New Centre for Innovation and Learning is a hit with students at Caroline Chisholm School

Published: Tuesday 28 August 2018

It is estimated that 75% of the fastest growing occupations require skills in Science, Technology, Engineering and Mathematics (STEM).  

The Caroline Chisholm School, Centre for Innovation and Learning is the first ACT Government Educational Facility built to deliver STEM education for students and teachers.

Paula Taylor from Caroline Chisholm School proudly hosted the ACT Chapter's second 2018 event, speaking to the group of the journey of discovery and awareness that brought to life this prestigious school.  Paula showcased the facilities features with a school tour as the group celebrated the collaboration and achievements of the ACT Government, ACT Educators and building industry in bringing such a innovative concept into reality.   

The Centre has multi-use science laboratory facilities for chemical, biological and physical science activities, technology, robotics and 3D printing laboratory facilities, areas for design and construction, small group and large showcase events areas. 

The Centre incorporates the latest electronic technologies to support educators in delivering STEM based curriculum, as well as developing student’s innovative and inquisitive ideas in order for them to reach their full potential:

It is not uncommon for the CIL to receive many last minute “drop ins” as teachers and students often prefer this environment to their traditional classrooms.  For example, a maths teacher will bring his class to the CIL Friday afternoon if at all possible.  He claims that his students are far more productive and focussed in this relaxed environment.

Since opening, the Centre has been heavily utilised by the school, as well as by the wider Canberra Tuggeranong Network of schools for both student education and professional development for ACT Government educators.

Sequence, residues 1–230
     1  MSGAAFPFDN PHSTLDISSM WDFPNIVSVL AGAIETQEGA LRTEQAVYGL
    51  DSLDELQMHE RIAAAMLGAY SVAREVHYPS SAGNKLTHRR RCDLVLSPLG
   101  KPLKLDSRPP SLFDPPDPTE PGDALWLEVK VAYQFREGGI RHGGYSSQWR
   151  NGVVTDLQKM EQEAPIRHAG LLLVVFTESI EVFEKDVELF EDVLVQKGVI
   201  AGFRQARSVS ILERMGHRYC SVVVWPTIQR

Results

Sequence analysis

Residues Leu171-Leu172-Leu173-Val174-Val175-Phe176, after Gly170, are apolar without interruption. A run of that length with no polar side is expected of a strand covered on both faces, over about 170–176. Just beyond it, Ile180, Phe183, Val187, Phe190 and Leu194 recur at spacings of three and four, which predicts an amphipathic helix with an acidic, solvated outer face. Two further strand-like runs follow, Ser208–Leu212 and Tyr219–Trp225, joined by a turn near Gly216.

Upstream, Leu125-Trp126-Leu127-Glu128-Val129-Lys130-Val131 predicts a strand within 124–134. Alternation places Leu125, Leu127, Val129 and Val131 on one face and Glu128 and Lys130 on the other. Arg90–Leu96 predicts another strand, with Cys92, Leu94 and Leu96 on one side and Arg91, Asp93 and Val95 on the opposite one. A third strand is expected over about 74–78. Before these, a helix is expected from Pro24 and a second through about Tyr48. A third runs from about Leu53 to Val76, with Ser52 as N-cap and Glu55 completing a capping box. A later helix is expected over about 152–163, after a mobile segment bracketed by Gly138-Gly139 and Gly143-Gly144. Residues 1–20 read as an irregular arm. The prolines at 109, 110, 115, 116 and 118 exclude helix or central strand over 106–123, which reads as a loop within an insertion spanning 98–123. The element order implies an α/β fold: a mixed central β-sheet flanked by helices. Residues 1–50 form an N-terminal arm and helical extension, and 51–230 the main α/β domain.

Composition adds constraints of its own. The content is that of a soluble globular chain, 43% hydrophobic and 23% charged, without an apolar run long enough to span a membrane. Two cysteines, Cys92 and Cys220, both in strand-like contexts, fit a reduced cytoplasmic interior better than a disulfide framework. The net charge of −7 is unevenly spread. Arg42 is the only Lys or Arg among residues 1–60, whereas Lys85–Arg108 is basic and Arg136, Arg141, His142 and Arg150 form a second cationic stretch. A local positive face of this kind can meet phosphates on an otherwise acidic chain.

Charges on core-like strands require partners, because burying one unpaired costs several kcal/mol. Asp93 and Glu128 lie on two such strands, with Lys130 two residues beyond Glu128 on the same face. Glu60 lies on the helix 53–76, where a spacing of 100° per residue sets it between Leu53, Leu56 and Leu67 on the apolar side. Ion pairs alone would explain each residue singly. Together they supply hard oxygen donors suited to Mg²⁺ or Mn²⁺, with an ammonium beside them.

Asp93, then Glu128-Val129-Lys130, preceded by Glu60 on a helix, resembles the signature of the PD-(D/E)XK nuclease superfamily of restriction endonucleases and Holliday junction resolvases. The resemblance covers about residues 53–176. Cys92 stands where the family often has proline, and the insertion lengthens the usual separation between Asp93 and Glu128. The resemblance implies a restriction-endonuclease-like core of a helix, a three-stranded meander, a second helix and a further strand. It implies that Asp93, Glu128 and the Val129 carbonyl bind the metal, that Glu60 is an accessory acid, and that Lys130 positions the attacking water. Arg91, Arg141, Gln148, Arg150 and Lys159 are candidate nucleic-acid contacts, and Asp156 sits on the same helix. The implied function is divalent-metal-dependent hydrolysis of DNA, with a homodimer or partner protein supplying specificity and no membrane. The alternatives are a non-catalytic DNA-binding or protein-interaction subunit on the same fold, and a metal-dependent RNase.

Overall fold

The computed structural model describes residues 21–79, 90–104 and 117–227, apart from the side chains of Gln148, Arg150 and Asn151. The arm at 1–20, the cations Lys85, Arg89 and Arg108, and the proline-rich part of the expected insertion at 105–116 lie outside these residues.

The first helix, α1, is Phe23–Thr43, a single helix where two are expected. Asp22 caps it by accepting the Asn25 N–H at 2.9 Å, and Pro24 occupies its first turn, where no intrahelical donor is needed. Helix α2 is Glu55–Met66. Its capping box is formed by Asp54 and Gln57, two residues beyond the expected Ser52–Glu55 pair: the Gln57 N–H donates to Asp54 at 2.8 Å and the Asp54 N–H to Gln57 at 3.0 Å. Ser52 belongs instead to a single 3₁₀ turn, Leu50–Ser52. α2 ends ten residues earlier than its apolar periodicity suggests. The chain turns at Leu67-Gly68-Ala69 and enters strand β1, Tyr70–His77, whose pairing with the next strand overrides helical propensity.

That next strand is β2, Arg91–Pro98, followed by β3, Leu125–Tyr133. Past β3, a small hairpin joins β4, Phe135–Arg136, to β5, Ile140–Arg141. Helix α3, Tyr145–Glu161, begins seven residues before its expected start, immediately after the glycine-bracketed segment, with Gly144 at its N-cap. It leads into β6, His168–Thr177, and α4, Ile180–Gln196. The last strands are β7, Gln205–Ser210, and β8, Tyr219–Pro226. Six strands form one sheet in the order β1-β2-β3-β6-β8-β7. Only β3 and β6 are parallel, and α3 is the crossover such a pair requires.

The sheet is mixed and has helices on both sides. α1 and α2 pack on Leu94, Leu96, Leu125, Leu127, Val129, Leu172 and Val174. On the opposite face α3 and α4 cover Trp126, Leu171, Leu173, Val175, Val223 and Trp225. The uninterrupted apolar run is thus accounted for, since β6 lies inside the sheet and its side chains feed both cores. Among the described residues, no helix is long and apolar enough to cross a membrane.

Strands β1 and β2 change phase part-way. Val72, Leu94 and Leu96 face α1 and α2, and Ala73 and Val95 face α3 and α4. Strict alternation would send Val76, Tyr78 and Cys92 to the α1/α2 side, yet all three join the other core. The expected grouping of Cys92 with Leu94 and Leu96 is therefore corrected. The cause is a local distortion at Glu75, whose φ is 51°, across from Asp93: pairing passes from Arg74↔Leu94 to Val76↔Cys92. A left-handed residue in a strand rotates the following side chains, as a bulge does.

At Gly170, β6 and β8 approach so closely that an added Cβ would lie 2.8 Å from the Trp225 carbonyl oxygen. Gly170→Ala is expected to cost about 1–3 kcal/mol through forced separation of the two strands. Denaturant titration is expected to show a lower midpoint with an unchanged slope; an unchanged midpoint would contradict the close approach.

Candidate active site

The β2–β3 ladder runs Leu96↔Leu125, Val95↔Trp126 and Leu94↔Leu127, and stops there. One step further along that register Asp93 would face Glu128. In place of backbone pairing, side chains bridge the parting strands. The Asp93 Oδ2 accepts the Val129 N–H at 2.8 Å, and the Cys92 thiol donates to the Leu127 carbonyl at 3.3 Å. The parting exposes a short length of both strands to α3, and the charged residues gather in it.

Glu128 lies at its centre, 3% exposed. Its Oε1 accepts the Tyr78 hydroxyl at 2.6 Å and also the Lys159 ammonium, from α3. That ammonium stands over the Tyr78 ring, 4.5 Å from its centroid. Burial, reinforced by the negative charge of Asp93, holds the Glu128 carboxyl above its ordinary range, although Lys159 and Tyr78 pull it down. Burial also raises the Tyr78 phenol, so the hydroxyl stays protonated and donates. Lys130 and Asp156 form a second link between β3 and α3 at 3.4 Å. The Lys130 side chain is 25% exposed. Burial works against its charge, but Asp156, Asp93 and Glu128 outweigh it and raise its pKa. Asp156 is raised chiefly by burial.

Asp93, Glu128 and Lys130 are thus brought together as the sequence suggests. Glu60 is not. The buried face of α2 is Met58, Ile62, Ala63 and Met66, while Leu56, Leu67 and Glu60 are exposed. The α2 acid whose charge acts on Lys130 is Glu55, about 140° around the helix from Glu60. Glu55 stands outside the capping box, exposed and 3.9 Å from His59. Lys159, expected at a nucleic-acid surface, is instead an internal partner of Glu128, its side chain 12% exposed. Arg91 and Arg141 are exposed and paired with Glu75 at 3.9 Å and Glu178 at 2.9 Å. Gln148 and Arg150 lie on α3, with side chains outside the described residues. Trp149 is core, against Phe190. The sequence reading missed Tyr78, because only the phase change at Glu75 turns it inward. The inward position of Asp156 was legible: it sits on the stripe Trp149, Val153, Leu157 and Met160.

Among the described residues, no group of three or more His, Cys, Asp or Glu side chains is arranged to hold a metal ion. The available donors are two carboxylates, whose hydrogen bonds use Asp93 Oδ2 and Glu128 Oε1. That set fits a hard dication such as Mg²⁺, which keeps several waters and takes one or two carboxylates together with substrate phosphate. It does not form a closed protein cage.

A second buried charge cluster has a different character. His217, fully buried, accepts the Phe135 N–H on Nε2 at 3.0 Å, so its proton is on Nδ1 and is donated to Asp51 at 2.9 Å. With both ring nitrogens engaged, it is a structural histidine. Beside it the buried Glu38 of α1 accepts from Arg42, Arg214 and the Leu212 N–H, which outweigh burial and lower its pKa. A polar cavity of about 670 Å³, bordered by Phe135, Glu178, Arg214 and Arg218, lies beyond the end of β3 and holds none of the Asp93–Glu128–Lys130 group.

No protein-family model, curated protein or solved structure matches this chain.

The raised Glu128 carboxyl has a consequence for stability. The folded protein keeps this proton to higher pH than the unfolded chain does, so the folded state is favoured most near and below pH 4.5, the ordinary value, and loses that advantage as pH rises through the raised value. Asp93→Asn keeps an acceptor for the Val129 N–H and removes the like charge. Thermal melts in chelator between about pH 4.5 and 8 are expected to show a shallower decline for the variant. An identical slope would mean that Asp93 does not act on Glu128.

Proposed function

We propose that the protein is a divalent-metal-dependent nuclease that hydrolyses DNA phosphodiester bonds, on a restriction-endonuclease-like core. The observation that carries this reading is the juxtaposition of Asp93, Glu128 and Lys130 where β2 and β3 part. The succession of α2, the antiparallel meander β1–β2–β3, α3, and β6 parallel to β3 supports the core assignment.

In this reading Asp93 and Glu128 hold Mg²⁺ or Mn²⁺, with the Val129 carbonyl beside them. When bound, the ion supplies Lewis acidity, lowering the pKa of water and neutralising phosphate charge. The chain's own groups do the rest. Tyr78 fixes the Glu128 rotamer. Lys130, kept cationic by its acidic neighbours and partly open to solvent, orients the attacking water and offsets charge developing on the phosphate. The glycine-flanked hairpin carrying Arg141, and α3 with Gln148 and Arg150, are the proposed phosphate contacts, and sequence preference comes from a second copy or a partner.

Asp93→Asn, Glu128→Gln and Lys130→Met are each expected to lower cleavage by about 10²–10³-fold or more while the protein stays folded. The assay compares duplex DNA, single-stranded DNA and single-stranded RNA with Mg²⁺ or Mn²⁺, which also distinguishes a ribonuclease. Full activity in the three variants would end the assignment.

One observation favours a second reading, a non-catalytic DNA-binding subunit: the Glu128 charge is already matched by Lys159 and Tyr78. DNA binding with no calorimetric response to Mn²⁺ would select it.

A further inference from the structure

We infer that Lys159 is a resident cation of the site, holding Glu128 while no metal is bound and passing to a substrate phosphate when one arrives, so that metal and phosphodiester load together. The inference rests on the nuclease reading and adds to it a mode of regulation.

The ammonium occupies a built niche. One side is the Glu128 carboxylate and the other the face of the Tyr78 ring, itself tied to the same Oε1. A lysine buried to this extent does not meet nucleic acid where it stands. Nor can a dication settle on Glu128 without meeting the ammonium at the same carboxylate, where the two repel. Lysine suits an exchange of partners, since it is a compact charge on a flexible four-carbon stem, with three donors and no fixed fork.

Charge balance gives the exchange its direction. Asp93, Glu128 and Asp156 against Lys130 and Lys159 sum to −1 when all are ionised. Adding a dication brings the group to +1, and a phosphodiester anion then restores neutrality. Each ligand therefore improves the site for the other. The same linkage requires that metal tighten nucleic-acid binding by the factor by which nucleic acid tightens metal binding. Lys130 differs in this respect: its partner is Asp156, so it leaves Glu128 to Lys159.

Collins Caddaye Architects were the design specialists briefed on the concepts of student centred learning in an innovative environment, where students are active participants in their learning whilst teachers adopt the role of facilitator.  Will Headland presented to the evening a thorough overview of the project, covering initial discussions, design brief, proof of concept stages and final designs leading to the completed build.

Mr Rodney Bray, Director of Infrastructure Capital Works for Education with the ACT Government addressed the meeting on the sustainable change initiatives forging ahead in the nation’s capital.  Rodney spoke of Margaret Hendry School as the next massive school project for the ACT Government, and also the commitment that going forward school services will be serviced by electricity and not gas.

Norva Nivel sponsored the event. The group found Norva Nivel's oblong designed wobble boards of particular interest in that it not only fitted the vision of the organisation but showed Norvanivel's thought process to bring health and wellbeing into an otherwise stationary environment.

The Centre has also won the Enrico Taglietti Educational Architecture Award at the 2018 ACT Architecture Awards, and was also shortlisted for the 2018 Master Builders Australia Excellence Awards under the Commercial Building less than $5M category.

Article: Judy Apps